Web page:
DSL/Cable Webserver Server Upgrade - Dell PowerEdge 500sc
June 2, 2002

Author: Brian Lee
Page: 1

Note:  All the images in this article can be enlarged to 640 x 480 in a new window by clicking on the thumbnail.

Id thought it would be cool for a behind the scenes look at how DSL/Cable Webserver runs.  Then again, almost everything we do around here is behind the scenes since this website covers DIY webservering.  Anyhow, let's take a look at the server situation here at DSL/Cable Webserver.  Now this article isn't exactly a product review, but we do cover many different products.  Consider it more of a tour.

A little history.
I've been running a webserver on DSL since the year 2000 and at the time, our webserver was a home-built computer with an AMD K6-3 333 Mhz CPU overclocked to 350 on a FIC 503+ motherboard. 

Click image to enlarge

Here are the complete specs for that machine.

Original Server:

  • CPU: AMD K6-III (3.5 x 100 MHz = 350 MHz)
  • Motherboard: FIC 503+
  • Memory: 256 Megs RAM CAS 2 - (2 x 128 Kingston ValueRAM PC100)
  • Hard disk: 20GB Quantum AT Fireball LCT 15, 4400rpm, 512k buffer, ATA66
  • Network adapter: Intel Pro /100+ Management Adapter

Surprisingly enough, that server was rock stable.  It never crashed, never BSODd on me, never hiccuped at all.  The only time I would have downtime with that server is when I rebooted the machine, which was quite often since installing the multitude of service packs and patches for Windows 2000 always requires a reboot.  Left alone, the longest uptime the server had was 4 months.  This may not sound like much, but I am confident that if I didn't have such itchy fingers to upgrade this or that and try new hardware, the uptime would have been even longer.

The performance of the original server was also quite good.  Since most of the content on this site is static, the CPU load averaged around 2-4% all the time.  However, the forums are dynamic and since they are coded in Perl, the CPU load did spike to 60% or so when posting a message, doing a search, or anything else that required processing by the server.  But most of the time, the CPU load was very low.  This is not surprising at all since the amount of visitors we normally cater to is easily handled by the AMD CPU.  350 Mhz may not sound like a lot today, especially since we have CPUs that can run at 2.4 Ghz and above, but consider that the original Cobalt RAQ line of servers were designed to handle up to 200 websites with the same CPU!  So handling a single website with a modest amount of traffic is no big deal at all.  Besides, the main bottle neck of this whole website isn't the CPU, RAM, or HD, it's the DSL connection speed.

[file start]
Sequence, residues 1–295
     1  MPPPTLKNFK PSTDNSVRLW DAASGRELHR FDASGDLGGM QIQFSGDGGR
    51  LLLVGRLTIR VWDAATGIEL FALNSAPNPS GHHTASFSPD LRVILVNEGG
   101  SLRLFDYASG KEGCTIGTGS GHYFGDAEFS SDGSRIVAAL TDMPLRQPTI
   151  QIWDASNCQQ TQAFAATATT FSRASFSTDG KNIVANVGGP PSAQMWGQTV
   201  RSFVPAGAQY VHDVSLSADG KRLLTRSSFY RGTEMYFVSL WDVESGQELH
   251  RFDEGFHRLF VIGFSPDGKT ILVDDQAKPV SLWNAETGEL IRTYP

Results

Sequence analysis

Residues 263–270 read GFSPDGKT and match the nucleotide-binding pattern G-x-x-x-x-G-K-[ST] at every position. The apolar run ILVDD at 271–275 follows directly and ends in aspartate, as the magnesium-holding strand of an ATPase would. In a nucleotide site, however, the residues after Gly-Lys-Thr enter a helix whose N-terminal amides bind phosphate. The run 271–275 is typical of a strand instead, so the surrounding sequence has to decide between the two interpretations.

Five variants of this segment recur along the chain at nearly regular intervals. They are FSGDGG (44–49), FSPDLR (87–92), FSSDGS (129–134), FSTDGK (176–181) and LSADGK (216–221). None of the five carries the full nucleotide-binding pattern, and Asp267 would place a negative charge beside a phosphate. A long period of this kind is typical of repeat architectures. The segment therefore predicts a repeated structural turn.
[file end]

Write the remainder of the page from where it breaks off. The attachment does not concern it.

Up until recently, this site was hosted on a 128k upload line, or about 2x faster than a 56k modem.  While the photos did load up a bit slowly, overall, the performance wasn't bad at all.  On a daily basis the site would transfer over 200 megabytes upstream.  Only recently did I upgrade the line speed of this website to 384k.  This is 3x faster than our previous speed but for long time visitors, the only real difference was apparent in the photos since all the text and forums still came up at the same speed.

Since I was in an upgrading type of mood with the upgrade of the DSL line speed, I thought it would be cool to upgrade the server as well.  It was a very hard decision to make since the old server was very reliable, it could handle all of our loads with minimal CPU utilization, and it was a good friend.  As you can see, there was no single good reason to upgrade the server.  So why did I do it anyway?  Upgraditis.  All techies have it.  I have a mild form that causes me to upgrade at least once a year.

Actually, there were a few things about the server that I did want changed.  First of all, the server was running out of hard disk space.  I was using a 20 gig 4400 rpm (yes that's right, a 4400 rpm) hard disk and it was getting full.  Not with this website per say, but with other files I have.  You see, the webserver is also a home file/print server for me.  That's where I store some common files and other miscellaneous media files (read MP3s).  I tried to fix this problem by purchasing a 80 gig HD, but the FIC 503+ motherboard wouldn't recognize it.  Also, I was worried about data security.  I wanted to be able to have a disk mirror using RAID 1 just for peace of mind.  Lastly, although the CPU was fast enough for webservering, it was getting kind of slow for administration.  Processing log files, performing backups, and other housekeeping chores were taking longer than I wanted to wait.  I know, these are pretty sad excuses for dumping a server that did it's job pretty well, but I went ahead and started shopping.  The fun begins!